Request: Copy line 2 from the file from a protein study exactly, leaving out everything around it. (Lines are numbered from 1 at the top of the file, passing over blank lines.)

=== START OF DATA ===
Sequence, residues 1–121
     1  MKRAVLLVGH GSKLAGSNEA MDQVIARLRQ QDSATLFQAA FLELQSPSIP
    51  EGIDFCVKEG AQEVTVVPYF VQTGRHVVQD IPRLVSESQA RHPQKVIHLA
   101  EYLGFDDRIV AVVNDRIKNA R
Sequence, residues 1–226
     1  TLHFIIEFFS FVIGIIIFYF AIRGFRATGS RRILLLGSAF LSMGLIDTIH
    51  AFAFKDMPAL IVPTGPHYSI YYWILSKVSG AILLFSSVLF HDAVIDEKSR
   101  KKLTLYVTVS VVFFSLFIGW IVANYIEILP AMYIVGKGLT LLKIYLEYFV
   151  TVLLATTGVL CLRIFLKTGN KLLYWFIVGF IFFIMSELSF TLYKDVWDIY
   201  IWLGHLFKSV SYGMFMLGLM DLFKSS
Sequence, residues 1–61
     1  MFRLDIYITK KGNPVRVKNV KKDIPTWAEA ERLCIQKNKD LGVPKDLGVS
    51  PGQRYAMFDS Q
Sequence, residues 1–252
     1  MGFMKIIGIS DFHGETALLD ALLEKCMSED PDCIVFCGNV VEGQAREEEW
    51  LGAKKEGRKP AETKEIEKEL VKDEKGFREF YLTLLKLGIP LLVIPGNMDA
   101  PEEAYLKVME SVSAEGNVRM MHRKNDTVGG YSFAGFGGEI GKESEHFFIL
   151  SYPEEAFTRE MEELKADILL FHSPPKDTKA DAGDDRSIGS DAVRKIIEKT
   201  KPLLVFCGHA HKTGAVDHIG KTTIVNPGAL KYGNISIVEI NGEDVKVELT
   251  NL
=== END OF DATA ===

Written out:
     1  MKRAVLLVGH GSKLAGSNEA MDQVIARLRQ QDSATLFQAA FLELQSPSIP